Studying Credit Scores and Myth-making in Rural U.S. – Visiting Scholar David Distelrath Returns to his Roots

Apr 22, 2024

David Distelrath may have lived in France since 2013, but his hometown in the thumb of Michigan continues to shape his academic life as he pursues his PhD in economic sociology.

David joined the Stone Center last January as a visiting doctoral student scholar from the Université de Paris-Cité. After studying economics and philosophy at St. Louis University, he accepted a position teaching English in France.

“A few years into teaching, I shifted gears and applied to economic policy master’s programs. I was planning on going to New York University, but that fell through because of COVID. I pursued a master’s in Paris which evolved naturally into a PhD,” he explained. 

Early in his research, David shifted his focus from economics to sociology. “Sociology allows me to peer behind the curtain, and look at the more complex stories behind the numbers,” he said, “and that really appealed to me.” “I started to look at what people in the U.S., particularly migrants, do without credit scores… How does that impact their lives?”

That question has driven David’s research. Having grown up in Michigan, he decided to focus on rural communities like his own hometown. He noted that most socio-economic research focuses on urban settings or other geographic settings outside of the Midwest.   

“The thumb of Michigan is one of the last places most people would choose to explore,” David said. “I grew up in a town of about 2,000 people where one of the most exciting things you can do is go up to Caseville because you may get a glimpse of the Aurora Borealis.”  

A street view picture of an  old factory building in rural Michigan

In a recent paper, David wrote, “While the credit score provides a gateway towards traditional credit access for things like mortgages, vehicles, and everyday credit card purchases such as groceries, nearly 45 million U.S. residents go without one.” 

People in the U.S. without credit scores are known as “credit invisibles” – those who have no credit records or unscorable credit records. Rural credit invisibles are more prevalent in every income category when compared to their urban counterparts.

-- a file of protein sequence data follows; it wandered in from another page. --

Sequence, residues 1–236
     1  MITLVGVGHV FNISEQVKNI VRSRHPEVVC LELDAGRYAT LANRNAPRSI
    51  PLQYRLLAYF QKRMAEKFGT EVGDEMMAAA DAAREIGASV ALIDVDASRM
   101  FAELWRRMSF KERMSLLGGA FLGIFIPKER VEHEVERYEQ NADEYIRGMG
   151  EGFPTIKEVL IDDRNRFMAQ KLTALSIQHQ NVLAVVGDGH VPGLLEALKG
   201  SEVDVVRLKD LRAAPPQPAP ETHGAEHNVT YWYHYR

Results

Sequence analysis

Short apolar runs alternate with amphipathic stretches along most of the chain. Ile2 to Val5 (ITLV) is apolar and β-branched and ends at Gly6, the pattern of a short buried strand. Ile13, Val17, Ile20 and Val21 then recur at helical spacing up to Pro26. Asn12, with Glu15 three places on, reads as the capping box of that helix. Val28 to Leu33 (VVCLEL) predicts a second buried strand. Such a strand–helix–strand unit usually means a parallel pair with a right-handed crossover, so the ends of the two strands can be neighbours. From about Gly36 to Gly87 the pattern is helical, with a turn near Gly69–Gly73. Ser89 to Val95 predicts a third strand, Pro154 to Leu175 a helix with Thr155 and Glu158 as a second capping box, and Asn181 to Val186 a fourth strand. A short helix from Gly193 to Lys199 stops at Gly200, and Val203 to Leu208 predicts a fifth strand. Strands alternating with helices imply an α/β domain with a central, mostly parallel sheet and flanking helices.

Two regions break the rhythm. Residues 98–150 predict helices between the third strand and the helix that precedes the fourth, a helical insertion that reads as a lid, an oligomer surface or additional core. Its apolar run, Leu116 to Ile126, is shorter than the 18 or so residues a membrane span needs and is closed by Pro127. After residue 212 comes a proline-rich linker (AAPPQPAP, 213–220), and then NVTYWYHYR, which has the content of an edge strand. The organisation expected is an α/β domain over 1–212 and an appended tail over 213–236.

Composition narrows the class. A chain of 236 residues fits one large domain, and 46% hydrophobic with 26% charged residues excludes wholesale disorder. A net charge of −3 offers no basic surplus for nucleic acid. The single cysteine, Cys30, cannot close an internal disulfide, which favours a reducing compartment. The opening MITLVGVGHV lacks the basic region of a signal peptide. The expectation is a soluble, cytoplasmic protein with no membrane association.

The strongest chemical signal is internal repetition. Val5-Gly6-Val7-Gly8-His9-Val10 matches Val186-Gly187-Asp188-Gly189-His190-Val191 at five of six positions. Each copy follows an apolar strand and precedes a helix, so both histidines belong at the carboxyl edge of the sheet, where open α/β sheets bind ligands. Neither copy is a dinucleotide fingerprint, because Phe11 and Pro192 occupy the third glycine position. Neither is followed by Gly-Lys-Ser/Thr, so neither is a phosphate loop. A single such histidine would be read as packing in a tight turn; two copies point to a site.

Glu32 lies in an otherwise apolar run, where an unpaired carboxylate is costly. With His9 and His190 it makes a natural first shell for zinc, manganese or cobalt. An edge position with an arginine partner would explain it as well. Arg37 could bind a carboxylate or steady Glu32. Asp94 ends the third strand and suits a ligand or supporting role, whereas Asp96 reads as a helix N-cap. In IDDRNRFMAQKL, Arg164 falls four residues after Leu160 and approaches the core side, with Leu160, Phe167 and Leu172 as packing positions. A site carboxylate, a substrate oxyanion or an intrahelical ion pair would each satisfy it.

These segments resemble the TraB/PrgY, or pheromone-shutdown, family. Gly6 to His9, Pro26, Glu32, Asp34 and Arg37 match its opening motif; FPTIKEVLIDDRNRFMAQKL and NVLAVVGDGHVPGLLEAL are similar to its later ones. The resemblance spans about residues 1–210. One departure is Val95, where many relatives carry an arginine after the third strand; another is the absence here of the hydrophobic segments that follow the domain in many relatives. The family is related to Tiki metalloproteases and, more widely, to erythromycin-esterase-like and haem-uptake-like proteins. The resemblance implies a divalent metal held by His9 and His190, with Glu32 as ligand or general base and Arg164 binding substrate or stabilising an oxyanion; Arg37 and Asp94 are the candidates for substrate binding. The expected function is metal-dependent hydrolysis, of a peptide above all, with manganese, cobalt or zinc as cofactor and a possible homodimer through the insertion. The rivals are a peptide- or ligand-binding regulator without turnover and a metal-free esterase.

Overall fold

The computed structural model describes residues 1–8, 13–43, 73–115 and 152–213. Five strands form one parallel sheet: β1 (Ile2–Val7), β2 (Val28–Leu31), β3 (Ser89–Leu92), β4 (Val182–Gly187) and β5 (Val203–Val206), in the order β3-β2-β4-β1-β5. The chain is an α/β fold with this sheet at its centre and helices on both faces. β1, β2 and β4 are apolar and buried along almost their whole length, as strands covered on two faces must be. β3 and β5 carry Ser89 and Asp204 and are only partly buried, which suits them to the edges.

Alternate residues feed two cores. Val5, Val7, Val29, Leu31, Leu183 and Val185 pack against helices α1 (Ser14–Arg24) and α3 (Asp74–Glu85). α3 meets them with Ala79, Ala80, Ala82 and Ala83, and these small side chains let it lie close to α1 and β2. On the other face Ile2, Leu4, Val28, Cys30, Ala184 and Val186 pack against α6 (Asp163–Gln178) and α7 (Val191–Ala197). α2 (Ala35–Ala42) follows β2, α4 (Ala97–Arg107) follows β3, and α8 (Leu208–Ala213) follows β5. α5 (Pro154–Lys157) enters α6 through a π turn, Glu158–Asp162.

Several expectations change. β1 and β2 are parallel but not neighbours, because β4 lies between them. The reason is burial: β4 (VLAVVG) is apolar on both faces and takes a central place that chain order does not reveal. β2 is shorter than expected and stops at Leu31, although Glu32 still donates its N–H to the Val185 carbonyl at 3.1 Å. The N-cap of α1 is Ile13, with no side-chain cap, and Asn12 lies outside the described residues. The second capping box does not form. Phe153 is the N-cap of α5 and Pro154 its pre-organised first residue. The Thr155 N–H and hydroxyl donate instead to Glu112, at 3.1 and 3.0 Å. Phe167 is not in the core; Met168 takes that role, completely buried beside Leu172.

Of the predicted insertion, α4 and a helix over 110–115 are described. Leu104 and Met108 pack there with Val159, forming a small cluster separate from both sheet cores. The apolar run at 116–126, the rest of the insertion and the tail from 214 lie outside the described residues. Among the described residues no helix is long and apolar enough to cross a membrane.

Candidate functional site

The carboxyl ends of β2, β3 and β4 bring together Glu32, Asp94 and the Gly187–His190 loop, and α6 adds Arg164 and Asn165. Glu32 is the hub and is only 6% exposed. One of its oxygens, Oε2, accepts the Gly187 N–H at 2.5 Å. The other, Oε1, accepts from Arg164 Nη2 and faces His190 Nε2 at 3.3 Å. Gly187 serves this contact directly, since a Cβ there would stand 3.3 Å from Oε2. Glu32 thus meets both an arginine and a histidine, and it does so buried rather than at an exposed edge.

To better understand how people in these rural communities navigate their credit invisibility, David is conducting ethnographic research and interviews through his fieldwork in Michigan. He has found that most navigate financial access and credit practices through kinship networks. While oftentimes people without credit scores rely on a cottage industry of alternative financial services such as payday lenders and cash checkers, these are often unavailable in remote areas.  

This fieldwork will allow David “to better understand how people are meeting their financial needs in a credit-driven economy.” His current research is in support of his dissertation, titled Gatekeeping’s deafening silence: the slow violence of the credit score in marginal America. David is looking at expanding rural narratives by focusing not just on finance, but its intersection with kin, gender, politics, and attachment. 

It was through a connection to Louise Seamster that David made his way to the University of Michigan. “I was in discussion with Louise and she asked me if I had connected with Davon Norris. I wanted an academic hub while I was in Michigan, and the University of Michigan is an ideal university for my niche project – it provides a link to terrific academics while I’m conducting fieldwork and Ann Arbor provides an urban environment that I miss when I’m away from Paris. I’ve been welcomed with open arms at The Stone Center for Inequality Dynamics. I couldn’t ask for a better environment. It’s been a wonderful experience.”

David will be in Michigan through the summer. Learn more about David on his profile page or download his CV.


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